“Rotherweird” seemed like one for the reject pile until I noticed that I was ignoring my husband at breakfast in order to finish reading this novel. At some point, I’d been hooked by Caldecott’s wayward plot and charmed by his setting. So, what is good about “Rotherweird”? Caldecott does have a strong visual imagination. His style may not be poetic but it is highly readable and pleasingly precise – when Sir Veronal sends for some “flavourless biscuits” they are served “in a white napkin, lined up like poker chips.” Caldecott writes entertaining dialogue which is more literary than natural but that helps to establish Rotherweird as a timeless place, set apart from the rest of the world. It’s an extreme version of the kind of small provincial town often celebrated in English literature – think Cranford or Tilling with added zany machines and weasel-men. Rotherweird lacks some of the main annoyances of modern life, such as traffic jams and mobile phones. This is a place I should like to visit and I got a strong sense that creating Rotherweird was a labour of love for Caldecott.

If you enjoy plots put together like a jigsaw puzzle and intriguing mysteries, “Rotherweird” is the book for you. This novel has mysteries galore. Why has Sir Veronal restored the manor house and what is he trying to remember? Who is the scholarly Countrysider known only as Ferensen and what happened to missing teacher, Flask? What is the purpose of the set of stones and the meaning of some mysterious murals in the church? Why did Rotherweird have to be sealed off from the rest of England and what kind of monster once came to its Midsummer Fair? These questions are answered in the current novel but there are plenty more mysteries left to be explored in the impending sequel, “Wyntertide”. “Rotherweird” is a book to be read for the range of its characters rather than their depth. Sir Veronal Slickstone is a standard Fantasy villain but, due to a last minute plot twist, this doesn’t matter. What I really like is the variety of the “good guys”. The companions are female and male, young, middle-aged and old, and include a cheery pair of inventors, a reckless scientist, a warm-hearted cleaner, a reclusive scholar, a timid bureaucrat who learns to take risks and an authority figure brave enough to break with tradition. I’m looking forward to reading more about this group. Until next time….




This week I’m looking again at two Fantasy series which have expanded since I first recommended them. They are both about practitioners of magic in modern London. Lovers of Urban Fantasy should find plenty to relish in each of these series.

In December 2012 I wrote about “Rivers of London” a first novel by Ben Aaronovitch which described how a young black policeman called Peter Grant became a trainee wizard. There are now six Peter Grant novels (“Rivers of London”, “Moon Over Soho”, “Whispers Under Ground”, “Broken Homes”, “Foxglove Summer” and “The Hanging Tree”)  with a seventh (“The Furthest Station”) due out this September. A number of subsidiary stories have been told in Comics/Graphic Novels. Sadly the latter won’t work on my Kindle but you don’t need to have read the Comics to follow the plots of the main sequence. The adventures of Police Constable Grant are funny and frightening “Police Procedural” stories with a supernatural twist. If you like Christopher Fowler’s entertaining “Bryant & May” books about London’s Peculiar Crimes Unit, you will probably enjoy the “Rivers of London” Series.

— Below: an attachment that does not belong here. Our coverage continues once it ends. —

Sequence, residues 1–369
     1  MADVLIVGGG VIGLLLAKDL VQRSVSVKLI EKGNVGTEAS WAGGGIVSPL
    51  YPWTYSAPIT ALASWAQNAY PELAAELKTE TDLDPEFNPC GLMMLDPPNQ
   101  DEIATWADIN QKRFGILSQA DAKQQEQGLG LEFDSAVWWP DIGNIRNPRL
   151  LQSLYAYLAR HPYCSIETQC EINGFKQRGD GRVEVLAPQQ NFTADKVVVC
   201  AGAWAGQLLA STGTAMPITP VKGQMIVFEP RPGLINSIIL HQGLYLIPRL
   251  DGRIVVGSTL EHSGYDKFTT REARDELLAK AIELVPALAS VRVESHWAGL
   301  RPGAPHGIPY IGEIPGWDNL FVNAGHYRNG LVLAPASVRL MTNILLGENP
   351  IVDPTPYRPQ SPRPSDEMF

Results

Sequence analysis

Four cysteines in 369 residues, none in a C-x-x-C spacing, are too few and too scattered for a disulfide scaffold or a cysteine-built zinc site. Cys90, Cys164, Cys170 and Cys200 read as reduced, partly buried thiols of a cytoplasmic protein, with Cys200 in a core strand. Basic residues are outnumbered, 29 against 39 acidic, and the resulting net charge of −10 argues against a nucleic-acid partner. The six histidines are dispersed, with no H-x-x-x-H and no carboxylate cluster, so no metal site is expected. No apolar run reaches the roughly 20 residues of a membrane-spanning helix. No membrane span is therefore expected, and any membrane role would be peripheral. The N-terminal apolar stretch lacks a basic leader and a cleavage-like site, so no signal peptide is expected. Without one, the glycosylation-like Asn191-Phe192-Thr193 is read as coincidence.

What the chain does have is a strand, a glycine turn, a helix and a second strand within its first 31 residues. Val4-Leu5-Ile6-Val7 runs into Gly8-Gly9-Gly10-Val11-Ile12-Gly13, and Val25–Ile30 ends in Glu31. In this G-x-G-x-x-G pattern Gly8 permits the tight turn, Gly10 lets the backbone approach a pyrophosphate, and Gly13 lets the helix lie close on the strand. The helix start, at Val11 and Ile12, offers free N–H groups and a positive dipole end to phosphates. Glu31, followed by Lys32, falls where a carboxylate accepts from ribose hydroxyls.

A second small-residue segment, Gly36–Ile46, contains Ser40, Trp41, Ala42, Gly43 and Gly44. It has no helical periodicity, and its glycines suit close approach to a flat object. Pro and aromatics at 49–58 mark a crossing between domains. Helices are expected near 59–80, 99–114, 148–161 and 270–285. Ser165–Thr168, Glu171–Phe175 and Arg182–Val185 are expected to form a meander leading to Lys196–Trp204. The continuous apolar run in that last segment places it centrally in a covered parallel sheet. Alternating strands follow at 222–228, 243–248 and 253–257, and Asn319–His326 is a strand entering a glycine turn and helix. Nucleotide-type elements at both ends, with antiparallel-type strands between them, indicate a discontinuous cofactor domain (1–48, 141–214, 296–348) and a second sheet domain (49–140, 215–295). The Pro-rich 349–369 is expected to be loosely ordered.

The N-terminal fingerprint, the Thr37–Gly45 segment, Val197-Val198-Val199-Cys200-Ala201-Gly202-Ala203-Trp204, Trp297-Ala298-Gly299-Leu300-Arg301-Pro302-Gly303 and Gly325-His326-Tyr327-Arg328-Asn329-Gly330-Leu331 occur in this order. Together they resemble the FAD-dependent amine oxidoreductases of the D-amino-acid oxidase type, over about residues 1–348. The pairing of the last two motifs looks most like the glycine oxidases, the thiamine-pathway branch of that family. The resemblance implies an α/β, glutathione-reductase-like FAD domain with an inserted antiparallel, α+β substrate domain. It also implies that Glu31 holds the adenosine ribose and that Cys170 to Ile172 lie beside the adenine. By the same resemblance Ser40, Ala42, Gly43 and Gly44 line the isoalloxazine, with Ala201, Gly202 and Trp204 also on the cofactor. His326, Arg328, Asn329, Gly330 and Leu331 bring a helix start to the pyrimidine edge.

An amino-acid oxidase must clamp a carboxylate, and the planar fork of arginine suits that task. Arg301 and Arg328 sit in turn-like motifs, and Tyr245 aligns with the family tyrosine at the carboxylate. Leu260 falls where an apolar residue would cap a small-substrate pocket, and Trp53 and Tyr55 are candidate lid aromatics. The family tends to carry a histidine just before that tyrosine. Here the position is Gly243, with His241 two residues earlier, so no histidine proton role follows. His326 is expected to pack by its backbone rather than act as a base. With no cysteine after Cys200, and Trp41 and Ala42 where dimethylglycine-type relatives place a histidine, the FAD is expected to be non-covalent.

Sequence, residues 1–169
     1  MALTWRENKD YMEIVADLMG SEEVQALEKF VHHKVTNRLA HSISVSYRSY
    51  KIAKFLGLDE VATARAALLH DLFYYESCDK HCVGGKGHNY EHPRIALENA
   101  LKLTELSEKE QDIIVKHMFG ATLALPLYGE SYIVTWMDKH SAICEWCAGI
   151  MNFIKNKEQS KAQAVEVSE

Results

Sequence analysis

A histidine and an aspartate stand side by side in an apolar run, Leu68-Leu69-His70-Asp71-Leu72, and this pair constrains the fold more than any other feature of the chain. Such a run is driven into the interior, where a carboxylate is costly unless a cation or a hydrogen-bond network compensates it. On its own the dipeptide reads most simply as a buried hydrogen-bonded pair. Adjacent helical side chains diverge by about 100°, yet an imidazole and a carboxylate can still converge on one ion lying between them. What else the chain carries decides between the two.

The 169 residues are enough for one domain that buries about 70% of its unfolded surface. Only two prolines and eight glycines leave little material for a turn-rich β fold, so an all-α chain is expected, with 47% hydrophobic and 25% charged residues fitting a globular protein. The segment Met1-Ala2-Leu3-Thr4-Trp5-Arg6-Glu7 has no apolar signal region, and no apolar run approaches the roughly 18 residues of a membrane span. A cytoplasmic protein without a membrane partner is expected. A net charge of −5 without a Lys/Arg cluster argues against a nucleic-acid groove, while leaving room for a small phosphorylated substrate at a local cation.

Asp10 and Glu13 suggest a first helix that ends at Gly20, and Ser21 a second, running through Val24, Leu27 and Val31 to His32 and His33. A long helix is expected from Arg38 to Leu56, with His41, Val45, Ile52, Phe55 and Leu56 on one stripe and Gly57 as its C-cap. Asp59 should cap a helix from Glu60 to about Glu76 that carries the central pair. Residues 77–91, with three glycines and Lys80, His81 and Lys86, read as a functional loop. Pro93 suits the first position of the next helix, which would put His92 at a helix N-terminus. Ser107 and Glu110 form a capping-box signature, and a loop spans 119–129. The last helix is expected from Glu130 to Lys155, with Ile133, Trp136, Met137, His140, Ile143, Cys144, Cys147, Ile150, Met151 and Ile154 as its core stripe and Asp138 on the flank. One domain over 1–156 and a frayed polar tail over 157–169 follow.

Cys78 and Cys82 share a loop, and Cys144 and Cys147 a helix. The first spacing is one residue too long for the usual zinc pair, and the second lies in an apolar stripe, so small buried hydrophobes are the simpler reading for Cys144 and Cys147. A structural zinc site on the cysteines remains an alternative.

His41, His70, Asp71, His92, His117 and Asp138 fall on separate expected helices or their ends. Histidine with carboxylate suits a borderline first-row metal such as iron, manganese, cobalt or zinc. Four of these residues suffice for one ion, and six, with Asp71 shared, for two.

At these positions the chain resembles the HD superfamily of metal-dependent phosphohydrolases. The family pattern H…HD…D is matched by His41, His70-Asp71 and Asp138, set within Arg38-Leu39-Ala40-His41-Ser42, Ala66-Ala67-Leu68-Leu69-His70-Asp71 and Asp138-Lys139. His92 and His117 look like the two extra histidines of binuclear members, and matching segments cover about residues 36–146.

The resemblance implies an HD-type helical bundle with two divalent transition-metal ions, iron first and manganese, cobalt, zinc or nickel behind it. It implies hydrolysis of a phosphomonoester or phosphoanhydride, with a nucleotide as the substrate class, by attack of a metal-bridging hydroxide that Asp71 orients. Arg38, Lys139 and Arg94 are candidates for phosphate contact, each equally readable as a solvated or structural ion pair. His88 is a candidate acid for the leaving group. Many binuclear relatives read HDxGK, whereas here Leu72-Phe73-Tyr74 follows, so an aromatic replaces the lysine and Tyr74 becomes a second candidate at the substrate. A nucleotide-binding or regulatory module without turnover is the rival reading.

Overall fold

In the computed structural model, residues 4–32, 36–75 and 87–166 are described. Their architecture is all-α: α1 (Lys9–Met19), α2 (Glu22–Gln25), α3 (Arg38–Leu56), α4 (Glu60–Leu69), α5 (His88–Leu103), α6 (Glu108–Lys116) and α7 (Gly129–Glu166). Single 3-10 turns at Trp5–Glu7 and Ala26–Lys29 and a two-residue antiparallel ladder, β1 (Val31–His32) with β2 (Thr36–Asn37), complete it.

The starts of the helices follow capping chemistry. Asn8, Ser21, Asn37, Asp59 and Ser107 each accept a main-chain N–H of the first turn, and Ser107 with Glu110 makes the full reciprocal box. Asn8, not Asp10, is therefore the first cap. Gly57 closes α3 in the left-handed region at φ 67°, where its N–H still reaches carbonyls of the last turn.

After he manages to interview a ghost, PC Grant is taken on as an apprentice by formidable wizard, Chief Inspector Thomas Nightingale, and goes to live at The Folly – “the official home of English magic since 1775”. Grant has to learn on the job as he battles crime and unauthorized magic. There are several long-running plot lines in this series, including the search for a group of illegally-trained magicians known as the Little Crocodiles and the struggle to discover the true identity of the evil Faceless Man. Aaronovitch generally treats dark events in a light-hearted way but there are plot developments in the final chapters of Volumes One and Four which have a powerful emotional impact. Grant’s personal story arc features an on and off romance with a river goddess, a frustrating relationship with his jazz musician father and a bond with a brilliant colleague which survives mutilation and betrayal.

A realistically portrayed modern London is the setting for this series – except in “Foxglove Summer” (2016)  which sends Grant on a post-traumatic trip to the countryside which, thanks to some sinister local fairies, proves far from restful. I’ve learned a lot about London’s architecture, underground rivers, police force and jazz scene from these books. Handsome PC Grant makes a dashing hero while as a narrator he has a nice line in self-deprecating humour. He tries to drag The Folly into the 21st century by using both magic and technology but with limited success since spell-working apparently does awful things to phones and computers. There are so many maverick detectives in fiction that it’s refreshing to come across a policeman who strives to do things by the book however bizarre the  circumstances. In “The Hanging Tree” (2017) for example one of his murder suspects is a haughty river goddess and another has been dead for centuries. Grant’s latest sidekick is a tough-minded headscarf-wearing Muslim policewoman. This series could be seen as an example of tick-box diversity but it doesn’t read that way because Aaronovitch writes about all his regular characters with such warmth and affection. I find myself caring about the fate of the people in these books, so I’m keen to read the continuing adventures of PC Grant.